7. The microvalve device of claim 1, wherein the source of command pressure includes a pilot valve for controlling the command pressure, the position of the micromachined spool in the chamber being based at least in part upon the command pressure.
8. The microvalve device of claim 7 wherein the pilot valve is a microvalve type pilot valve.
9. The microvalve device of claim 7 wherein the pilot valve is a proportional valve.
10. The microvalve device of claim 7 wherein the pilot valve is a digital valve.
11. The microvalve device of claim 7 wherein the micromachined spool defines at least one window for the passage of fluid therethrough.
12. The microvalve device of claim 11 wherein the window is formed with a D-shaped cross section.
13. The microvalve device of claim 11 wherein the window is formed as a smooth ellipse.
14. The microvalve device of claim 11 wherein a reinforcement bar is provided within the window, the reinforcement bar extending from one portion of the micromachined spool to another portion of the micromachined spool.
15. The microvalve device of claim 7 wherein the source of load pressure includes a load device.
16. The microvalve device of claim 15 wherein the micromachined spool and the body are configured as one of a u-flow valve and a flow-though valve.
17. The microvalve device of claim 15 wherein the load device is a spring loaded piston device.
18. The microvalve device of claim 15 wherein the load device defines a variable volume load chamber in which a control volume is regulated by the flow of fluid at least one of to and from the load device.
19. The microvalve device of claim 15 wherein the micromachined spool is configured to allow for increase or decrease of the flow of fluid to or from the load device in relation to the slidable movement of the micromachined spool along the spool chamber.
20. The microvalve device of claim 15 wherein the micromachined spool has a deadband about the center position where no flow of fluid is permitted to or from the load device.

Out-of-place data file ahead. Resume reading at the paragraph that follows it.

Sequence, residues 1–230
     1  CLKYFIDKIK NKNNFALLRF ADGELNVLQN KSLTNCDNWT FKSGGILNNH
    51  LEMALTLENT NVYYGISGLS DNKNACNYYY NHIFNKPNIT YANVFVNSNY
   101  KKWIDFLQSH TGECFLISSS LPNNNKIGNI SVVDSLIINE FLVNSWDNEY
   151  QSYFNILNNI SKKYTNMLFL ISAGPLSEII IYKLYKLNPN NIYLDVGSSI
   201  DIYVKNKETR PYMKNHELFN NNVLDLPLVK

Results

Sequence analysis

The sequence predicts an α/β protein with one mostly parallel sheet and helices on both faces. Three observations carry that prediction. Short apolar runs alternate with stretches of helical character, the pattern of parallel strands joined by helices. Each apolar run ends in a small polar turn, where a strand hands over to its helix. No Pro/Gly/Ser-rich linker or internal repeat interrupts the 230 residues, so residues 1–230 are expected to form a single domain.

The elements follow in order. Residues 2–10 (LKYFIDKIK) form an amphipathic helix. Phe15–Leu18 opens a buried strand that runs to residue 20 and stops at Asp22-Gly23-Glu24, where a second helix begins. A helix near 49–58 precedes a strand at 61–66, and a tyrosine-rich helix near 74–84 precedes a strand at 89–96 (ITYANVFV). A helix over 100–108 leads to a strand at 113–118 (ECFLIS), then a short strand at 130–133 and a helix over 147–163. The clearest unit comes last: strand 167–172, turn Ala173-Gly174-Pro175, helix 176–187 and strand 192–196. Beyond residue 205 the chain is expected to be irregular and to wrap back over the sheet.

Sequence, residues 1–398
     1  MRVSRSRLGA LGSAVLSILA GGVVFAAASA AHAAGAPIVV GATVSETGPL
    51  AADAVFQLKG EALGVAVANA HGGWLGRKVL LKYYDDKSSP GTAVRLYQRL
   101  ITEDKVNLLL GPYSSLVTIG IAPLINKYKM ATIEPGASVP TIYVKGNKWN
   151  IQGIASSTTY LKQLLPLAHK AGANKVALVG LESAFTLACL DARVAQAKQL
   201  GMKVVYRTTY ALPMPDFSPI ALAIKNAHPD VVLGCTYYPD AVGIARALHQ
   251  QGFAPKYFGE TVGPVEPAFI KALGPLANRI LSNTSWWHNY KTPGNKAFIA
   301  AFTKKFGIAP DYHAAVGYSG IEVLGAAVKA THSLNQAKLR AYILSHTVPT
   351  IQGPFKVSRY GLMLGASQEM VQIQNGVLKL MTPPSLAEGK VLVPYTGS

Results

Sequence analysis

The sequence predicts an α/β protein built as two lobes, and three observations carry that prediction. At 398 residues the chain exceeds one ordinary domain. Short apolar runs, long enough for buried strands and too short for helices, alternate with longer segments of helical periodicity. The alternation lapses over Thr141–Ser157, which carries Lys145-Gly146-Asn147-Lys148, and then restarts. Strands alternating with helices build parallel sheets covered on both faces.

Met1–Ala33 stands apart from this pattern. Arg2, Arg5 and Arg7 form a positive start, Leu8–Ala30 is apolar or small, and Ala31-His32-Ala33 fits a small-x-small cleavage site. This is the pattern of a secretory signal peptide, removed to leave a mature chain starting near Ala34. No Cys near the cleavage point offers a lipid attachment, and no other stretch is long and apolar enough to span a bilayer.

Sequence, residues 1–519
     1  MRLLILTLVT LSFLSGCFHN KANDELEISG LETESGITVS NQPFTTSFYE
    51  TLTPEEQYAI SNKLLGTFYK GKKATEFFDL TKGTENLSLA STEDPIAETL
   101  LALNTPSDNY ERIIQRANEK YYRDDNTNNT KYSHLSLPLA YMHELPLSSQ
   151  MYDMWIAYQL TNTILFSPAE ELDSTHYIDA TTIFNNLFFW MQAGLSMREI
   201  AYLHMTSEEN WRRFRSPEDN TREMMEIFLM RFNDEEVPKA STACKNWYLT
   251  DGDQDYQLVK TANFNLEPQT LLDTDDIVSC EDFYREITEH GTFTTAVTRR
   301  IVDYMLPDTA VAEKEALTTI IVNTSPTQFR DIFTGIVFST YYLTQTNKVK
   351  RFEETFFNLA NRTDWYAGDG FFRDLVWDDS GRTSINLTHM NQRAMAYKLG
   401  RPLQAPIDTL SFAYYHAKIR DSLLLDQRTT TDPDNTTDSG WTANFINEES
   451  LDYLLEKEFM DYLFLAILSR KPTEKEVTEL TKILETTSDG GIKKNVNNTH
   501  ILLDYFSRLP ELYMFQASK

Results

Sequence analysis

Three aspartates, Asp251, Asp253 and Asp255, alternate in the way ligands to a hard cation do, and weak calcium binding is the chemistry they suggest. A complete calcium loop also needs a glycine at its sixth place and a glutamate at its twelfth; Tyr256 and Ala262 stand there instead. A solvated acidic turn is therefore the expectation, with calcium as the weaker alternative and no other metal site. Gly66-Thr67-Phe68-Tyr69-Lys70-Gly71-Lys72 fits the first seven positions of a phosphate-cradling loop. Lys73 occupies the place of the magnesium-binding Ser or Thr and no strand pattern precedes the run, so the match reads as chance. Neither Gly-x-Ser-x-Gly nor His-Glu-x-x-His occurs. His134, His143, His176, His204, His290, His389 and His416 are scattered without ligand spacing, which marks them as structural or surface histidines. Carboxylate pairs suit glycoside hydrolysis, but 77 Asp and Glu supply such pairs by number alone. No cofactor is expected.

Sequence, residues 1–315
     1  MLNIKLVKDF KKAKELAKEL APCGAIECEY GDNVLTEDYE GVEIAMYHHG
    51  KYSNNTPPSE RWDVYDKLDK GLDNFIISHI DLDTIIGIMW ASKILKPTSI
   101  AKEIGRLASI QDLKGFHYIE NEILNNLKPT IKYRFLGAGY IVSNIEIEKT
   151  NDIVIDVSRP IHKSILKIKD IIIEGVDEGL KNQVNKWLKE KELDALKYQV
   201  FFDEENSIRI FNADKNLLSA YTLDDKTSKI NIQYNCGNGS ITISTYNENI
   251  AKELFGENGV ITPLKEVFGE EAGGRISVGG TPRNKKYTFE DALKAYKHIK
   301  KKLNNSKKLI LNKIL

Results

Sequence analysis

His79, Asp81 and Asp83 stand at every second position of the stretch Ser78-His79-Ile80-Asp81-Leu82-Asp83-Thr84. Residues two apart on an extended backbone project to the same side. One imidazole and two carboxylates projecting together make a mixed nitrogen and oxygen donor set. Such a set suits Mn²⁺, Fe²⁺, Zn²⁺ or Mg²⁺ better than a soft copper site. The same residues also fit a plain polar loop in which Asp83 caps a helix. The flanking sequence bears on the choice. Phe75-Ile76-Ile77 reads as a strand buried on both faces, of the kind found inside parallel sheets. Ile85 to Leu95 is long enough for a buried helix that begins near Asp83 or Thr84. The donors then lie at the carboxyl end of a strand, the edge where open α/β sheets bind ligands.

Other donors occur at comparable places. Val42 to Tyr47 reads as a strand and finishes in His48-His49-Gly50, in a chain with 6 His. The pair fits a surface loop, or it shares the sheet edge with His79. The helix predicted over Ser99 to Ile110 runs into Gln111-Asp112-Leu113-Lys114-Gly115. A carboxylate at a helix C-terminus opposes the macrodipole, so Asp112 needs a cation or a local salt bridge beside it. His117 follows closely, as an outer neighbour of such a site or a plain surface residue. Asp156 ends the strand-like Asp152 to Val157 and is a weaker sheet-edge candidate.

Description
BACKGROUND OF THE INVENTION

This invention relates in general to valves for controlling fluid flow in a hydraulic or pneumatic system. More particularly, this invention relates to an improved microvalve device.

Valves are widely used for controlling the flow of a fluid from a source of pressurized fluid to a load device or from a load device to a pressure vent. Frequently, a pump, or other device, is provided as the source of pressured fluid. The flow of the fluid is selectively controlled by a valve to control the operation of the load device.

One type of valve is a microvalve. A microvalve system is a MicroElectroMechanical System (MEMS) relating in general to semiconductor electromechanical devices.

MEMS is a class of systems that are physically small, having features with sizes in the micrometer range. These systems have both electrical and mechanical components. The term “micromachining” is commonly understood to mean the production of three-dimensional structures and moving parts of MEMS devices. MEMS originally used modified integrated circuit (computer chip) fabrication techniques (such as chemical etching) and materials (such as silicon semiconductor material) to micromachine these very small mechanical devices. Today there are many more micromachining techniques and materials available. The term “microvalve” as used in this application means a valve having features with sizes in the micrometer range, and thus by definition is at least partially formed by micromachining. The term “microvalve device” as used in this application means a device that includes a microvalve, and that may include other components. It should be noted that if components other than a microvalve are included in the microvalve device, these other components may be micromachined components or standard sized (larger) components.